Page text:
Many years before global warming became a hot topic, Marvin Gaye wrote this song about the environment and how we have an obligation to care for the Earth. For his What's Going On album (1971), Gaye got away from love ballads and explored deeper social themes, which at first didn't sit well with Motown boss Berry Gordy, who thought these songs wouldn't be marketable. The success of the title track proved otherwise, and "Mercy Mercy Me (The Ecology)" became a #1 R&B hit and soared to #4 on the Billboard Pop chart.
Gaye elaborated on this song and his spiritual quest in a 1976 interview with Sounds, where he said: "I am a student of Don Juan and Carlos Castaneda. I've read many books by many authors. My idea of living is, I would love to become an impeccable warrior, one who has no need for earthly things such as the wine, the women, the clothes and the diamonds, and the fine things to wear. I'd love to develop a distaste for those things and become only interested in knowledge and power that this earth will give us, if we're only willing to put in the time and effort.
I would love to quit show-business and go after that knowledge and that power that the truly gifted sorcerer has. The power's here, it's in the rocks, it's in the air, it's in the animals. There are men of knowledge who could take these forces and elements and cause mysterious things to happen to the body, transform themselves and do many, many marvelous things. I would like to become a man of power, and I would like to use it in a good fashion.
The knowledge that we have is enough to catapult ourselves over the hurdle into super-knowledge, where we become super-beings. But at that point we always destroy ourselves. That will always happen because super-knowledge is only for the chosen few. But the few can be of a greater number, that's why I talk about it. If only we would adhere to certain laws that Mother Nature... THAT'S THE KEY!
We appear to have reached the bottom line. And, just like Bunny says (here he's referring to the Jamaican musician Bunny Wailer), it's in obeying the laws of nature that this wisdom and freedom lies. Those songs aren't written for nothing. A lot of the time, they don't even know it as writers, but they're just forced to put Mother Nature into the picture, like in 'You Are The Sunshine Of My Life.'"
According to Earl Van Dyke of Motown's house band the Funk Brothers, Berry Gordy did not know what the word "ecology" meant when he heard this song. It had to be explained to him.
Robert Palmer recorded a version of this song combined with Gaye's "I Want You" in 1991. This medley hit #9 in the UK and #16 in the US.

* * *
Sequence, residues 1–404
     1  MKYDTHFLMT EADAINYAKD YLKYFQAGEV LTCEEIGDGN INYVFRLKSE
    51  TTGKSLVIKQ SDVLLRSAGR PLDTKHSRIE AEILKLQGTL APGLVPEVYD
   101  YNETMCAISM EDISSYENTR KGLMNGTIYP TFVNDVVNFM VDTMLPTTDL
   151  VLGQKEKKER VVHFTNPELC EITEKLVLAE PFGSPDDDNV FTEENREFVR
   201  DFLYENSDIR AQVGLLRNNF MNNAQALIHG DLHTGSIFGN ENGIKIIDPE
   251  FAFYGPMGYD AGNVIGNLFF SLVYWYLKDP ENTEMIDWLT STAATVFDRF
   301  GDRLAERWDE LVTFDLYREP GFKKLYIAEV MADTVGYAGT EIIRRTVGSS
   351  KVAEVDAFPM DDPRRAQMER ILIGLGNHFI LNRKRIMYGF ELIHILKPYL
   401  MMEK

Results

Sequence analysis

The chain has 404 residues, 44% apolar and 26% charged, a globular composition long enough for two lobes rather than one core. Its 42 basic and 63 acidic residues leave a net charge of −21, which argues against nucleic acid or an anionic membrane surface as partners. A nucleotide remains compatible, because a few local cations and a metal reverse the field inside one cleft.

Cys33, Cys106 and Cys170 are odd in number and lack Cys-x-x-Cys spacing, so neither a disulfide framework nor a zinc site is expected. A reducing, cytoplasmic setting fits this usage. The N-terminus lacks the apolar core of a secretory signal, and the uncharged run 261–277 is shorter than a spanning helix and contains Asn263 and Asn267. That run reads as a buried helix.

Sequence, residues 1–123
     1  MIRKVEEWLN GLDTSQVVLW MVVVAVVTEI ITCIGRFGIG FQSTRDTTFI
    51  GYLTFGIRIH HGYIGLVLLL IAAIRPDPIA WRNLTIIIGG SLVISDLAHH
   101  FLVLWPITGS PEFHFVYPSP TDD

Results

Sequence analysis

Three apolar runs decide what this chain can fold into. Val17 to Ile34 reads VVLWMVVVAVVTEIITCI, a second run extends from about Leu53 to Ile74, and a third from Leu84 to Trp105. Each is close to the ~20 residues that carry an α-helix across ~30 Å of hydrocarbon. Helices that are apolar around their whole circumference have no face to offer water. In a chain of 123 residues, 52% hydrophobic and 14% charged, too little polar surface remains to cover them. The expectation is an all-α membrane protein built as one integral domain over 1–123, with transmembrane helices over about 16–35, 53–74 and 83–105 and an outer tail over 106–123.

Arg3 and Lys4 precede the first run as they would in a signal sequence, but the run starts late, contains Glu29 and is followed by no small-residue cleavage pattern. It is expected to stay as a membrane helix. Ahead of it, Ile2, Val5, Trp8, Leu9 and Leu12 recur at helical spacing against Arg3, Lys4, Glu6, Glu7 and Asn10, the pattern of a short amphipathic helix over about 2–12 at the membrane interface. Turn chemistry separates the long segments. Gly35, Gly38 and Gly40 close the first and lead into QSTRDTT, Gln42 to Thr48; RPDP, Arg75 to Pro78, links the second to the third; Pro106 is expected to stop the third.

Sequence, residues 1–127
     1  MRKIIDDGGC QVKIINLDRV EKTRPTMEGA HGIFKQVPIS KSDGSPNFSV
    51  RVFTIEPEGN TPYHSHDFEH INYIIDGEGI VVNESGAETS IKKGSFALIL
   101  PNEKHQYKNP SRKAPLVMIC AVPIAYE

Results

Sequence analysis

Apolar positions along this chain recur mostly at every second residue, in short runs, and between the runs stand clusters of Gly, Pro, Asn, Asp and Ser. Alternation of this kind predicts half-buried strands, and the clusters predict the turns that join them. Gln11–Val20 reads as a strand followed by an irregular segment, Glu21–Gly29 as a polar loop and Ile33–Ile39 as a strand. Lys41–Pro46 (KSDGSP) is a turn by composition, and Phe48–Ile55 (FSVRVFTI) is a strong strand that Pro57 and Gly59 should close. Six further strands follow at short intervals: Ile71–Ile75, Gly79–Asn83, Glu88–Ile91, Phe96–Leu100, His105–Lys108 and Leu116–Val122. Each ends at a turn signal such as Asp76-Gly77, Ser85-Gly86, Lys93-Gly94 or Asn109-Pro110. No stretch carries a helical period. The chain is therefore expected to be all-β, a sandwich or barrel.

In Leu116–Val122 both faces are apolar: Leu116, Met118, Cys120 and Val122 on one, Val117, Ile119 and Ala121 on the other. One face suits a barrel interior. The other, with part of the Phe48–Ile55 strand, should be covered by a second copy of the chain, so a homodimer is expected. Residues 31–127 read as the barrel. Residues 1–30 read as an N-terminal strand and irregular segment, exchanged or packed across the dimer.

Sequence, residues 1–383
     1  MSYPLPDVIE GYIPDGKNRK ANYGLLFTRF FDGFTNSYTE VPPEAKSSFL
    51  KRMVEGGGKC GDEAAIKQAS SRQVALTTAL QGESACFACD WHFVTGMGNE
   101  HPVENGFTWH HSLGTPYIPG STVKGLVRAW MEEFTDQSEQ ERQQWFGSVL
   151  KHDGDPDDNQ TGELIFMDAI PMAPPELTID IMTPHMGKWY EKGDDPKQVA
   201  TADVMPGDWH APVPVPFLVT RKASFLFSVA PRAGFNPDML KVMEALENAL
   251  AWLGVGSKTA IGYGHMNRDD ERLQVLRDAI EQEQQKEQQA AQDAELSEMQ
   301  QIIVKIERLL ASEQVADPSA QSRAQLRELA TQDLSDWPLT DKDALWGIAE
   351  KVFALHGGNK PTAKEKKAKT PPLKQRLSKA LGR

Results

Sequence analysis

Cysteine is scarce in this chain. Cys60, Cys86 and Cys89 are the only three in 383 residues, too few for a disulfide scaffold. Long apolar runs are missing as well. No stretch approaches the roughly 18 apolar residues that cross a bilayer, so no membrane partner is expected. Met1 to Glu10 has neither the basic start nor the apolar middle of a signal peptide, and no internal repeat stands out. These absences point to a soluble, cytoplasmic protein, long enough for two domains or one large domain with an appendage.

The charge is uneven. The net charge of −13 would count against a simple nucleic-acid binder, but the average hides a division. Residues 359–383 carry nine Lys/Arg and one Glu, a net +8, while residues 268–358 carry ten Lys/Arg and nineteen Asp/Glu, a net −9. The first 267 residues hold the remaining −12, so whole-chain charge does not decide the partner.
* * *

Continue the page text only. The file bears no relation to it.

Palmer originally only planned to cover "I Want You." When interviewed for a promotional video for his 1992 Don't Explain tour he stated it was manager at the time who recommended "Mercy, Mercy Me" as it had a similar melody and vocal pitch. Initially Palmer wasn't interested in the song, which deals with the environment, but he later changed his mind and turned the two songs into a medley, using the opening verses from "Mercy, Mercy Me" as a prelude to the "I Want You" part, keeping the same arrangement.
Palmer admitted to being very nervous when he debuted the song on US Television during an appearance on The Arsenio Hall Show in 1991, stating in an interview on the show after performing that he hadn't done the song in front of a live audience and found it challenging, but he said he thought it well.
Suggestion credit: Thomas Leonard - Pittsburgh, PA
"Mercy, Mercy Me (The Ecology)" won a Grammy Hall of Fame Award in 2002, an honor also given to "Ain't No Mountain High Enough," – one of his several duets with Tammi Terrell – in 1984, and "I Heard It Through The Grapevine" in 1998. The entire What's Going On album was also recognized in 1998 with a Grammy Hall of Fame Award.
Other artists to record this song include Charles Givings, Aswad, Michael McDonald, and Sarah Jane Morris.
Barry from Sauquoit, NyOn June 27th 1971, "Mercy Mercy Me (The Ecology)" by Marvin Gaye entered Billboard's Hot Top 100 chart at position #70; and on August 15th, 1971 it peaked at #4 (for 2 weeks) and spent 12 weeks on the Top 100... And on August 8th, 1971 it reached #1 (for 2 weeks) on Billboard's R&B singles chart... It was the 2nd of 3 straight #1s on the R&B Singles chart; started with "What's Going On" (for 5 weeks), then this one, and finally "Inner City Blues (Make Me Wanna Hollar)" (for 2 weeks), and all three songs were from the 'What's Going On' album... R.I.P. Mr. Gaye (1939 - 1984).